Burning Powder River Basin (PRB) coal can be a curse or a blessing, depending on your attention to the details of plant design and operations. One disadvantage of PRB coal combustion is the abundance of bottom ash and flyash generated as a by-product. Handling and properly disposing of the ash can be challenging and costly. Both kinds of ash have commercial value, however. Last year, the 2,400-MW Labadie Power Plant in Missouri burned about 11 million tons of PRB coal, generating about 200,000 tons of bottom ash, so its operators understand both the challenges and the profit opportunity (Figure 1).
1. AmerenUE's Labadie Power Plant has four units that burn about 11 million tons of PRB coal a year and have a collective capacity of 2,400 MW. The plant, located 35 miles west of St. Louis, also generates about 200,000 tons of bottom ash a year. Couretsy: AmerenUE
In September, Labadie — the largest of AmerenUE’s coal-fired stations — celebrated the first anniversary of a concrete packaging facility that is now recycling more than 60,000 tons of flyash and bottom ash into 2 million bags of high-quality concrete mix every year (Figure 2).
2. The partnership of AmerenUE, Charah Inc., The Quikrete Companies, and The Home Depot just celebrated its first year of operation. Courtesy: Charah Inc.
Partners in Ash
The unique project is the product of a partnership among AmerenUE (www.ameren.com), the ash management specialist Charah Inc. (www.charah.com), The Quikrete Companies, and The Home Depot (Figure 3). The concrete mix is prepared at the facility and packaged in recyclable, two-handled plastic bags from Charah. It is then distributed to Home Depot stores in the St. Louis metropolitan area for sale to customers under the Quikrete brand name (Figure 4).
3. The facility is designed to recycle more than 60,000 tons of flyash and bottom ash into 2 million bags of high-quality concrete mix. Courtesy: Charah Inc.
4. The concrete mix product is available in Home Depot stores in the St. Louis metropolitan area under the Quikrete brand name. Courtesy: Charah Inc.
The 60,000 tons of bottom ash being reused as a concrete aggregate represent less than half of Labadie’s annual production. Ultimately, AmerenUE officials hope to recycle all of it.
In addition to the ash being used to make concrete mix, more than a year’s worth of Labadie’s bottom ash was used as structural fill for the state-of-the-art, 35,000-ft 2 packaging facility. Charah launched its first bottom ash/plastic packaging plant in Virginia, but the one in Missouri is the first in the U.S. on power plant property. Charah Inc. annually processes 250,000 tons of bottom ash and markets it to the concrete block and concrete mix industries in North Carolina, South Carolina, Tennessee, Kentucky, and Virginia.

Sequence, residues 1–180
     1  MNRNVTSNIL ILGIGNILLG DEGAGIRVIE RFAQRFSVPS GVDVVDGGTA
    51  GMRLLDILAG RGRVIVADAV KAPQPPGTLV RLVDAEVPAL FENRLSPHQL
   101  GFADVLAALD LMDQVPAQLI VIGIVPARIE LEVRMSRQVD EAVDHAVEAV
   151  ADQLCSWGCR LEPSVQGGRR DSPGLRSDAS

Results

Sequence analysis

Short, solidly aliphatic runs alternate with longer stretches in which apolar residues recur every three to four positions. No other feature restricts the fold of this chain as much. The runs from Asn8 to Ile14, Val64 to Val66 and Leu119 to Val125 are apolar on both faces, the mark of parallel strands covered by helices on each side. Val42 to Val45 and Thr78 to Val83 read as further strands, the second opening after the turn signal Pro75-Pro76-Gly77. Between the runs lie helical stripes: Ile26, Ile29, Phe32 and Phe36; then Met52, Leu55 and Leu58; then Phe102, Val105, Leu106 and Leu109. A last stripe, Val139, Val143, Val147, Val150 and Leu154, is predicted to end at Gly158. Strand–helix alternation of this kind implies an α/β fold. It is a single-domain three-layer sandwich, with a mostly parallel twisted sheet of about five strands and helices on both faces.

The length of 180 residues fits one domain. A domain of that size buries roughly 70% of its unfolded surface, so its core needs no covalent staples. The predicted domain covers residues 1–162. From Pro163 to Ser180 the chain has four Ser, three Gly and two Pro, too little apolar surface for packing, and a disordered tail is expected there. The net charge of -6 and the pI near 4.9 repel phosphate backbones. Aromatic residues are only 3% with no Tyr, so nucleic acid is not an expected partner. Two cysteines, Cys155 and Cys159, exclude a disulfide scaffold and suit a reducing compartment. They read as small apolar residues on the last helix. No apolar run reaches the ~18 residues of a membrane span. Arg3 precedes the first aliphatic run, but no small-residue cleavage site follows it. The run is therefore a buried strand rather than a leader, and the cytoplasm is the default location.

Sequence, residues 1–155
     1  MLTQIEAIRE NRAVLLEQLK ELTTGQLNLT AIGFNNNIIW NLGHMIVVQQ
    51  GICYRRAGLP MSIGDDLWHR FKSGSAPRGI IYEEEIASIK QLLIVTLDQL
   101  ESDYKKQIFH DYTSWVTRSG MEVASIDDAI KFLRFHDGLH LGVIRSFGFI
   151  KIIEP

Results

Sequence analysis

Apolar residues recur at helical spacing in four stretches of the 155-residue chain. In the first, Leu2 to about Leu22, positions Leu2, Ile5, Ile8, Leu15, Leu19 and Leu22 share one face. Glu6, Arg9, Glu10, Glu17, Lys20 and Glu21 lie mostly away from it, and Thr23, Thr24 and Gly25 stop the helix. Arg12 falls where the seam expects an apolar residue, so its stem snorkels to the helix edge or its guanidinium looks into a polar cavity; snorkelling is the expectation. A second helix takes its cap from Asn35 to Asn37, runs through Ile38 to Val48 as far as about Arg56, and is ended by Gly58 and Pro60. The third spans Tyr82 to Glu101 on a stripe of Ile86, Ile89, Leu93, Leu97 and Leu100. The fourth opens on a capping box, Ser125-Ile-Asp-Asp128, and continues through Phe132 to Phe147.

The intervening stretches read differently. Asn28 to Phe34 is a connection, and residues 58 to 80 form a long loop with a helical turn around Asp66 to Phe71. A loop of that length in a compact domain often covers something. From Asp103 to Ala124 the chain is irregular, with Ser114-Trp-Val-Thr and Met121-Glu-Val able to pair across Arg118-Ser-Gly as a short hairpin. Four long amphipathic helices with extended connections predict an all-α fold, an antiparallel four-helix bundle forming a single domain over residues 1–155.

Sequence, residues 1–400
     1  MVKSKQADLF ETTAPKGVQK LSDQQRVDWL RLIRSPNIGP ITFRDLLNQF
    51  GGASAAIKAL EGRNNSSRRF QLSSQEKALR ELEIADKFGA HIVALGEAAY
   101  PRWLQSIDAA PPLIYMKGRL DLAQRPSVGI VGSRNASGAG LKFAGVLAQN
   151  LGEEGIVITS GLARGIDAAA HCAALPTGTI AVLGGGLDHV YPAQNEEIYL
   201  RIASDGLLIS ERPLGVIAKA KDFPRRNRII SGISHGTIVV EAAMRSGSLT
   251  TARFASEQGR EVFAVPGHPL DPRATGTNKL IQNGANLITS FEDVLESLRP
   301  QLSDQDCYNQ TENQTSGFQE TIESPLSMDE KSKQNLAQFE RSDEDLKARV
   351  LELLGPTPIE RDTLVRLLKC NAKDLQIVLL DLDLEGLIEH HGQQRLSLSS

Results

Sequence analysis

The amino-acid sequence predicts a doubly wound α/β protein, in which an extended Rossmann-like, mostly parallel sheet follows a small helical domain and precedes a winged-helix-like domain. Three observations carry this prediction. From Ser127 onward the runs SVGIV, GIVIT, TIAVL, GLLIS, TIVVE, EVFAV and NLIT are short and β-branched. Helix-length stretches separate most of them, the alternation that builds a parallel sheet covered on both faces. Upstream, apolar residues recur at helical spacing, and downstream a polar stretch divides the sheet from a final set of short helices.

Because ash is not classified as a hazardous waste by the U.S. Environmental Protection Agency (EPA), Ameren and other coal-burning utilities have long reused it for various products and applications — such as blasting grit, roofing shingles, cement and concrete manufacturing, structural fill, and snow and ice control. "This is the best example yet of Ameren’s ongoing initiative to find beneficial uses for the materials that result from burning coal to generate electricity," said R. Alan Kelley, Ameren’s senior vice president for generation.
"This is the best example yet of Ameren’s ongoing initiative to find beneficial uses for the materials that result from burning coal to generate electricity."
Bottom Ash Is Tops
This July, the Missouri Waste Control Coalition presented AmerenUE with an Outstanding Achievement Award for the AmerenUE/Charah concrete packaging facility at Labadie Power Plant. The coalition is a 400-member, not-for-profit entity for citizens, businesses, and organizations concerned about the environmental impact of waste management and disposal.
Charah and Ameren are charter members of the U.S. EPA’s Coal Combustion Products Partnership (C2P2), which encourages beneficial use of coal by-products. In April 2005, Charah earned a prestigious C2P2 Innovation Award for its efforts to increase the amount of coal combustion products put to good use, instead of being landfilled. Charah’s award was for its development of concrete mix and packaging.
"Charah’s packaging is the most exciting, powerful innovation in the bagged concrete industry in 70 years," said Giles Bowman, merchandising vice president for building materials at Home Depot. "The sealed plastic bag is sturdy, and the two handles make it very easy for our customers to lift and carry. At the same time, this packaging is less likely to break than traditional paper bags."